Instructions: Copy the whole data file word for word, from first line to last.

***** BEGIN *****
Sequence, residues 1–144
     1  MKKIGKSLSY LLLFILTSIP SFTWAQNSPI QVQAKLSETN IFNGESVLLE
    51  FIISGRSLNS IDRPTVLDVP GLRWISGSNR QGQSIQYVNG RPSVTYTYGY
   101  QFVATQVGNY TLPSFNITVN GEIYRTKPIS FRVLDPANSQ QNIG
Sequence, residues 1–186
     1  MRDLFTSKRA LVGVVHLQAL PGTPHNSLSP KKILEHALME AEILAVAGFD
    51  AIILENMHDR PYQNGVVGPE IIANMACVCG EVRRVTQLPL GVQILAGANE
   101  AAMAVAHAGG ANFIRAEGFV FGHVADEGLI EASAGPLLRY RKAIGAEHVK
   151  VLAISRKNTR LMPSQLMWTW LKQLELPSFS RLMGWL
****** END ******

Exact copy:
Sequence, residues 1–144
     1  MKKIGKSLSY LLLFILTSIP SFTWAQNSPI QVQAKLSETN IFNGESVLLE
    51  FIISGRSLNS IDRPTVLDVP GLRWISGSNR QGQSIQYVNG RPSVTYTYGY
   101  QFVATQVGNY TLPSFNITVN GEIYRTKPIS FRVLDPANSQ QNIG
Sequence, residues 1–186
     1  MRDLFTSKRA LVGVVHLQAL PGTPHNSLSP KKILEHALME AEILAVAGFD
    51  AIILENMHDR PYQNGVVGPE IIANMACVCG EVRRVTQLPL GVQILAGANE
   101  AAMAVAHAGG ANFIRAEGFV FGHVADEGLI EASAGPLLRY RKAIGAEHVK
   151  VLAISRKNTR LMPSQLMWTW LKQLELPSFS RLMGWL